Hailed by one reviewer as 'likely a work of genius', Scented Gardens for the Blind (first published in 1963) ostensibly follows the members of the fractured Glace family, suffering from different forms of sensory deprivation u the daughter mute, the mother blind, the father estranged u yet each living in a vivid world of their own making. While the father looks to the past in his obsessions with genealogy and toy soldiers, the modern age hangs over them with the hint of nuclear apocalypse. But all is not what it seems in this dark and dazzling novel, and Janet Frame's narrative virtuosity is expressed in an ending that makes the reader re-interpret all that has gone before. Modernisation, in the form of electricity and the Overspill from London, confronts the inhabitants of the small English village of Little Burgelstatham in the richly textured The Adaptable Man (first published in 1965). While some amongst the large cast of characters prefer to live in the past and avoid modern life, others adapt and welcome its arrival, not least Muriel Baldry, who can now hang her Venini chandelier and throw a dinner party to celebrate.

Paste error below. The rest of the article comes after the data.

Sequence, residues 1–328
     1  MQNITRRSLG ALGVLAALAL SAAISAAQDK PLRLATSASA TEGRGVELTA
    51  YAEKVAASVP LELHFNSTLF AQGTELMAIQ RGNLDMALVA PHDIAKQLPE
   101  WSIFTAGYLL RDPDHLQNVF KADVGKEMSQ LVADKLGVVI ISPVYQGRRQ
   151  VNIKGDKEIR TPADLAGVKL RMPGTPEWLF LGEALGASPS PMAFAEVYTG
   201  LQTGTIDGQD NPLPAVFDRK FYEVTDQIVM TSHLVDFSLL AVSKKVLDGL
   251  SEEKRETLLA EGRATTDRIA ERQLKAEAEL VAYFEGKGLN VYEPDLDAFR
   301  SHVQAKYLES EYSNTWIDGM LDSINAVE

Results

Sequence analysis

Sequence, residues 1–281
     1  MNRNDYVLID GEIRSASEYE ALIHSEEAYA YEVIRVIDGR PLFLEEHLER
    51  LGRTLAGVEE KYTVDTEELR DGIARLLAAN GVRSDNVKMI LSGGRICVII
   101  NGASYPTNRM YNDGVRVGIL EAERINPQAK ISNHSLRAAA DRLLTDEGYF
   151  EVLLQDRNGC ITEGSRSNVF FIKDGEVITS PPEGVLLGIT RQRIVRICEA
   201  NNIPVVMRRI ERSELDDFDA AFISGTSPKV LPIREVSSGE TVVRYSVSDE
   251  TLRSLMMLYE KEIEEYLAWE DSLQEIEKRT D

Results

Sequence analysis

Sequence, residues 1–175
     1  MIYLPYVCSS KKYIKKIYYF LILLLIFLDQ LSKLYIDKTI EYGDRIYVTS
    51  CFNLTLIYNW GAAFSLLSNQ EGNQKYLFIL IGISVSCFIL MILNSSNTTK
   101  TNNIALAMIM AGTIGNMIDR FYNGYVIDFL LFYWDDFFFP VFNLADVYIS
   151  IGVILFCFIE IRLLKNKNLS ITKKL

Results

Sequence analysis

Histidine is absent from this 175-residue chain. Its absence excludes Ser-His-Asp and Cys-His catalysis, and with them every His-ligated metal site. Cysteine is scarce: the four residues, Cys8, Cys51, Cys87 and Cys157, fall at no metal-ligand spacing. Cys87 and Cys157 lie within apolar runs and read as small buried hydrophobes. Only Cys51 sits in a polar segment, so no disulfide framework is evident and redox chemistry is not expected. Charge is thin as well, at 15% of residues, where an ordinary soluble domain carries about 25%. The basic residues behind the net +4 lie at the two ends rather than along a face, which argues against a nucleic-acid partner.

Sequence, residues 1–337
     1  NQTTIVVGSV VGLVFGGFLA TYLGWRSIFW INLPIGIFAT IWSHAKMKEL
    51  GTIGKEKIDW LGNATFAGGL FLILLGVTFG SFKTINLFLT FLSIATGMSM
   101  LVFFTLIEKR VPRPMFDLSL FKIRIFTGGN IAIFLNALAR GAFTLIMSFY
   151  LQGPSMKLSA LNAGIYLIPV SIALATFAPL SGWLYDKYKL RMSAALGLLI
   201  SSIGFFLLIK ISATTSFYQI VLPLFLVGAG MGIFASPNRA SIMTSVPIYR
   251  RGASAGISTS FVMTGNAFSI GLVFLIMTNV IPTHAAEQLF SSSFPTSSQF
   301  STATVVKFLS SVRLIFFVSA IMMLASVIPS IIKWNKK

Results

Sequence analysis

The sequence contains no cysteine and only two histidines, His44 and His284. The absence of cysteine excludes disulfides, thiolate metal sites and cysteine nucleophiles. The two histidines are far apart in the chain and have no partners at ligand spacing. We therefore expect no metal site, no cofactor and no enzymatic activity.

But does adapting to the twentieth century demand darker deeds? C.K. Stead wrote of this comedy of manners that 'Frame, that most authentic, firm and unadaptable lady, planted landmines everywhere in those bogus English fields'.
Janet Frame was born in Dunedin in 1924. She was the author of eleven novels, five collections of stories, a volume of poetry and a children's book. She was a Burns Scholar and a Sargeson Fellow and won the New Zealand Scholarship in Letters and the Hubert Church Award for Prose. She was made a CBE in 1983 for services to literature, awarded an honorary doctorate of literature from Otago University in 1978, and one from Waikato University in 1992. She received New Zealand's highest civil honour in 1990 when she was made a Member of the Order of New Zealand. Janet Frame died in January 2004.